Tala reached the indicated building at the edge of the Guardsmen’s training yard and was met in the entrance as soon as she’d stepped inside.
By the insignia, the woman who met Tala was a sergeant, though Tala had never met her. “Sergeant.”
“Mistress Tala. Welcome. I found you on the approved access list, but there wasn’t much beyond that. I was told you wish to use our training yard?” The sergeant eyed Terry with a mixture of interest and caution but seemed to have decided not to comment.
“Or another space, if that is preferred. I will be here many mornings to assist with one of the classes, and it would be convenient if I could train around those times, or if I have need of a space at other intervals.”
She nodded. “Understandable. However, our facilities are generally only used by those in, or directly benefiting, the Guardsman’s Guild. I can check with the teacher of the class, to see if your training, here, would qualify.”
“That could work. I’m really not sure what he’ll say.”
“Very good, Mistress. Please wait here.”
Tala considered what she would do to train if they gave her a space. I guess it depends on what the space will bear. She smiled, thinking about the class of people coming up with tests for her abilities. What madness am I about to be subjected to?
The sergeant returned a few minutes later. “Mistress?”
“There is a courtyard set aside for today, and if I understand correctly, it has been reserved for your use, in conjunction with the class, going forward.”
“Oh! Thank you.”
“Right this way.”
They walked through clean, sparsely decorated corridors, until they came to a place where the current corridor was open on one side. The hallway surrounded a fairly large courtyard, providing a covered walkway all the way around with a few diverging paths going perpendicularly off the sides.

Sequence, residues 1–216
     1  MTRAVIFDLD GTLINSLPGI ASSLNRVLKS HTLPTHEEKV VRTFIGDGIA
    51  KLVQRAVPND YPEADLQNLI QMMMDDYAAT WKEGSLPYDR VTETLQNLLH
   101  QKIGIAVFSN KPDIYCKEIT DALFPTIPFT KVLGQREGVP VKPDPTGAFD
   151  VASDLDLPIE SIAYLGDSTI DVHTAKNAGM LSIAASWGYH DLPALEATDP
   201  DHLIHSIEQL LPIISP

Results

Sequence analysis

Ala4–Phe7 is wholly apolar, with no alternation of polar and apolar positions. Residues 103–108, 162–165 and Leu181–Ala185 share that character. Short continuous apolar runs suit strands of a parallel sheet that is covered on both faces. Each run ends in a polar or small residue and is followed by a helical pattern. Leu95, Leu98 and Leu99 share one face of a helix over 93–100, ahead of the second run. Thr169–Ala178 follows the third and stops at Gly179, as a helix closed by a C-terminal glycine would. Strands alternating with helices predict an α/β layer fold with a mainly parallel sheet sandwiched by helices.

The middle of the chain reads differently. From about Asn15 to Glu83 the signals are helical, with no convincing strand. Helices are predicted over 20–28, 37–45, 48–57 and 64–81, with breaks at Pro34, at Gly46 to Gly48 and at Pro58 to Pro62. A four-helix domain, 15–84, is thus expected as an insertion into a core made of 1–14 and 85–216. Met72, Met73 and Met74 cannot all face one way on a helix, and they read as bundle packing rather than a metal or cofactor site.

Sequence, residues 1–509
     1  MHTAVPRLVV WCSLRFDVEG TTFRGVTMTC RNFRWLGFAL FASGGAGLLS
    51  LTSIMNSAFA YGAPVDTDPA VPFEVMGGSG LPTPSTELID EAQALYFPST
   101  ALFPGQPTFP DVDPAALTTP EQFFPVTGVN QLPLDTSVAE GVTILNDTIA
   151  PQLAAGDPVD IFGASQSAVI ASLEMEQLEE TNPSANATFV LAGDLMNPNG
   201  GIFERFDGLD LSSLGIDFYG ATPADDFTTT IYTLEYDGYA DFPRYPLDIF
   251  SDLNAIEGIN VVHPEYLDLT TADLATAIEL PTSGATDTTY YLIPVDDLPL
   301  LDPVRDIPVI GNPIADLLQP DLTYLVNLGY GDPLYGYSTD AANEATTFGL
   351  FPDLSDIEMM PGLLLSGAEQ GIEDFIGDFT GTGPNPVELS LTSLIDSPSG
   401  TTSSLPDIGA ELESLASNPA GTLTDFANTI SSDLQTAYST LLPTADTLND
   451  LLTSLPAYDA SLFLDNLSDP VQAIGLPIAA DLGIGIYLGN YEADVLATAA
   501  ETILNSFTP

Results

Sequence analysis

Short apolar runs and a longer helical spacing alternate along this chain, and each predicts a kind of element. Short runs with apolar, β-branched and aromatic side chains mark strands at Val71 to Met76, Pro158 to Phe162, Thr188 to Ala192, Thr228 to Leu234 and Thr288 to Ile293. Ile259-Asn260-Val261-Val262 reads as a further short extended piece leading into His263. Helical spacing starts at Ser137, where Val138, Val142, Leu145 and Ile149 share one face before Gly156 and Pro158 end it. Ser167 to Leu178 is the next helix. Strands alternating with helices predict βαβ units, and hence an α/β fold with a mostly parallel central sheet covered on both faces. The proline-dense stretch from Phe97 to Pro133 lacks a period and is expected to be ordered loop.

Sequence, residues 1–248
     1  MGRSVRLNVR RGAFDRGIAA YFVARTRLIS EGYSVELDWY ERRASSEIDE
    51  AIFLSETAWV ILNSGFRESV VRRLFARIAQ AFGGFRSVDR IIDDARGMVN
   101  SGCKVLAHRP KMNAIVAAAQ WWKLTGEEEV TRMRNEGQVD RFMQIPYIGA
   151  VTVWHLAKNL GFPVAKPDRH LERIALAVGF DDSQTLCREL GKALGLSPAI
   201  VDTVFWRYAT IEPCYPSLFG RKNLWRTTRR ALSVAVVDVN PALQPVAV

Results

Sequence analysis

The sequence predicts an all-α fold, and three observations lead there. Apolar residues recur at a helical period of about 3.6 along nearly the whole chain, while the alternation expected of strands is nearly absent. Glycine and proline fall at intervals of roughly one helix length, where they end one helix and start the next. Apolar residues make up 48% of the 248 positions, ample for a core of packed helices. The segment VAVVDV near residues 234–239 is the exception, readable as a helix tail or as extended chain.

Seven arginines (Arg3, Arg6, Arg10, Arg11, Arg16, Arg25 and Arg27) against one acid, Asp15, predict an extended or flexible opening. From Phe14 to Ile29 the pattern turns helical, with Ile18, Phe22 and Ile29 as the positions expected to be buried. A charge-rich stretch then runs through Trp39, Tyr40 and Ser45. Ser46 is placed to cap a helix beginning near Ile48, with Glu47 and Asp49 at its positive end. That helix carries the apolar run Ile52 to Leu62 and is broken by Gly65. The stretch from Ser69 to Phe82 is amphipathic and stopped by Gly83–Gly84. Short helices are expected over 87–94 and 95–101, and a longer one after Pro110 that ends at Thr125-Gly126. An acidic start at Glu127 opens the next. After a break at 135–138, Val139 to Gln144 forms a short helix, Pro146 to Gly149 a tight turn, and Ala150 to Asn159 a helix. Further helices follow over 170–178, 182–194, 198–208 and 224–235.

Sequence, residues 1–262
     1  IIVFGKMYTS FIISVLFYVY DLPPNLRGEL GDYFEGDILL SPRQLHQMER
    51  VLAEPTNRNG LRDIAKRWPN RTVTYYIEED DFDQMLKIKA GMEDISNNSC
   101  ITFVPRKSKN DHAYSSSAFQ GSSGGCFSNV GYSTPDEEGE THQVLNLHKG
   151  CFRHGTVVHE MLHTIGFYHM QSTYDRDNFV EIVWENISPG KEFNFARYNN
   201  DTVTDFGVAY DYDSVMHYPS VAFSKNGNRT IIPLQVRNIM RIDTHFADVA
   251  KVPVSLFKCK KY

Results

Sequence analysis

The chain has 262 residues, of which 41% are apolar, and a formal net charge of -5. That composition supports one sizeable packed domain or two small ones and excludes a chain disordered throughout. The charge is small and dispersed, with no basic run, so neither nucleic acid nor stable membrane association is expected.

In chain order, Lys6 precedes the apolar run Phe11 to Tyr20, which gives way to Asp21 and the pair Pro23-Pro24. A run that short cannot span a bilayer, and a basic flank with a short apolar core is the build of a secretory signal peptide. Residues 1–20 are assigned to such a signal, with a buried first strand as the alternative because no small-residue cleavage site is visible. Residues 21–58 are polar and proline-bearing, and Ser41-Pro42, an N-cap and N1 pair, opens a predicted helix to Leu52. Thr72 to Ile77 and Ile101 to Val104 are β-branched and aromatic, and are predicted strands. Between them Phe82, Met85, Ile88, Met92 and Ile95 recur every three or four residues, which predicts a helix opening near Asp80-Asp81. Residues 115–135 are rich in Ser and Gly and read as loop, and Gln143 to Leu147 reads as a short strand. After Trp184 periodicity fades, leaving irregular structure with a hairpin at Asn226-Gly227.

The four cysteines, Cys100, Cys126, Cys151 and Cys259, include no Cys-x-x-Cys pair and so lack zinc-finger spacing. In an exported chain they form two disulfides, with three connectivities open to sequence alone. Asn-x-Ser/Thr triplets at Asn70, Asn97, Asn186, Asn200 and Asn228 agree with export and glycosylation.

The open space was hard-packed sand, without any other feature.
The sergeant gestured to the space. “Have at it, Ma’am.”
Tala grinned. “I’ll try not to damage it too much.”
The guardswoman snorted. “Kind of you. Is there anything else I can do to assist?”
“I think I’ll be fine. Thank you.”
With a slight bow, the other woman departed.
Tala walked out onto the sand, her feet barely scuffing it. Even so, she felt like it was at least a few feet deep. Just not used very often? It didn’t really matter.
The sand was cool and rough on the soles of her feet, in a smooth sort of way, some getting between her toes. Yeah, Tala, it’s smoothly rough. She didn’t have a lot of experience with sand, but the description seemed to fit.
Terry vanished from her shoulder, appearing on the roof nearby, already basking in the early morning sun. You do you, little guy.
She sat, cross-legged, in the center. Having just come from the Constructionist Guild, she had the incorporators on her mind. As such, she pulled out the three she possessed: cold water, hot water, and hot air. Huh, should I have gotten a cold air one, for completeness, and to cool off on hot days? Winter was almost upon them, though. Maybe, in the spring.
She regarded the devices. Splitting the flow of power increases difficulty. She grinned. With effort, she divided her natural influx of power into the three incorporators, as well as her own body and Flow.